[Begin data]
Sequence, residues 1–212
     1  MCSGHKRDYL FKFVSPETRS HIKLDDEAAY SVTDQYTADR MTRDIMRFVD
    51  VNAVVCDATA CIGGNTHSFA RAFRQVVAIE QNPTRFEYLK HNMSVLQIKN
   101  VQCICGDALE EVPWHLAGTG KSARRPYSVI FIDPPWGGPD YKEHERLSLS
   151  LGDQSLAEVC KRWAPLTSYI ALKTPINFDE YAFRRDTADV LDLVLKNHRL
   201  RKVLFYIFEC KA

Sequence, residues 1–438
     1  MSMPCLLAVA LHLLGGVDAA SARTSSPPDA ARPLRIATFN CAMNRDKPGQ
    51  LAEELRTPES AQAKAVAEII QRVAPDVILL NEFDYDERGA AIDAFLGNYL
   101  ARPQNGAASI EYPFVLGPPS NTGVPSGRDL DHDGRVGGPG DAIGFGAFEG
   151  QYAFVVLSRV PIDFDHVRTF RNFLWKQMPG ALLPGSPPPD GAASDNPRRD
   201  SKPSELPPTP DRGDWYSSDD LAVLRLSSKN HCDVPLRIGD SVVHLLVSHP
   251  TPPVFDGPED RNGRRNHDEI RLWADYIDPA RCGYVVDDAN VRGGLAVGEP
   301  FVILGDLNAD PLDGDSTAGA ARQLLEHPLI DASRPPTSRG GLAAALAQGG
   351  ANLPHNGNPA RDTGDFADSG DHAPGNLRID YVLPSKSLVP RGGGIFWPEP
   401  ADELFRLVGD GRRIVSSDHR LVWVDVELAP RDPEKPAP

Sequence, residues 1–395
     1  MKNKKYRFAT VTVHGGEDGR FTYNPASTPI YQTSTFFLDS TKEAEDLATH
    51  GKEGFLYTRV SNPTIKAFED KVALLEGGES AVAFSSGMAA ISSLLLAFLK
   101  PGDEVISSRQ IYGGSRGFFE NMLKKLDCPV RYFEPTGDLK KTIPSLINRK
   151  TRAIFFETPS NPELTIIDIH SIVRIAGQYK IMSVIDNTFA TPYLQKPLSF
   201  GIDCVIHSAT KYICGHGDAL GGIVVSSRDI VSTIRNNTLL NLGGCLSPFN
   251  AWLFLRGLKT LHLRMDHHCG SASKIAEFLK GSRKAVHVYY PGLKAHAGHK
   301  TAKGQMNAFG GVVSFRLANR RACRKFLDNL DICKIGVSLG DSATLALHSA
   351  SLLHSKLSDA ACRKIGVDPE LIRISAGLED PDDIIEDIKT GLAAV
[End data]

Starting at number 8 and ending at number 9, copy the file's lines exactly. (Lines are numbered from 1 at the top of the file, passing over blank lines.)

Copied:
     1  MSMPCLLAVA LHLLGGVDAA SARTSSPPDA ARPLRIATFN CAMNRDKPGQ
    51  LAEELRTPES AQAKAVAEII QRVAPDVILL NEFDYDERGA AIDAFLGNYL